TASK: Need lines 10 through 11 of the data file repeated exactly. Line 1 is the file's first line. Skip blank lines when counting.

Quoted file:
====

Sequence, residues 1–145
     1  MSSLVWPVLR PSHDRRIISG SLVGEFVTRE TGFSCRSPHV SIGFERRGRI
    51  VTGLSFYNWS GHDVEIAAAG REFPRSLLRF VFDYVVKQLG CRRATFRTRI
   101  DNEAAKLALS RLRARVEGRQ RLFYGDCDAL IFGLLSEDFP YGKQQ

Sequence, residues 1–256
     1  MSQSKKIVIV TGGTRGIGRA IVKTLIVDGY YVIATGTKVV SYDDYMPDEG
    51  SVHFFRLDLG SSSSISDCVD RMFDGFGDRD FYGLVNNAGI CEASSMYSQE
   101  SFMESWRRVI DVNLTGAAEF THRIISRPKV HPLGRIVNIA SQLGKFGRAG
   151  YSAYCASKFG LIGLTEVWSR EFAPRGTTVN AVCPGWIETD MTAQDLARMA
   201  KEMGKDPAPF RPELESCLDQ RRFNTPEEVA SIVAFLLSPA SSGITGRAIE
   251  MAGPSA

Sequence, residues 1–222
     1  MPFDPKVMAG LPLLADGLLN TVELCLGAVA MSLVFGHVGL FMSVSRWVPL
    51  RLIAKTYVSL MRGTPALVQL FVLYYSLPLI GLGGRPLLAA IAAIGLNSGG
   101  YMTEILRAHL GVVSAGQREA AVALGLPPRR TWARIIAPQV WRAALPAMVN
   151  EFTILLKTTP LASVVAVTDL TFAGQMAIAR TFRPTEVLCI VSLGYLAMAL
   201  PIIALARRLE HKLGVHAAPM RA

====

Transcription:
   201  KEMGKDPAPF RPELESCLDQ RRFNTPEEVA SIVAFLLSPA SSGITGRAIE
   251  MAGPSA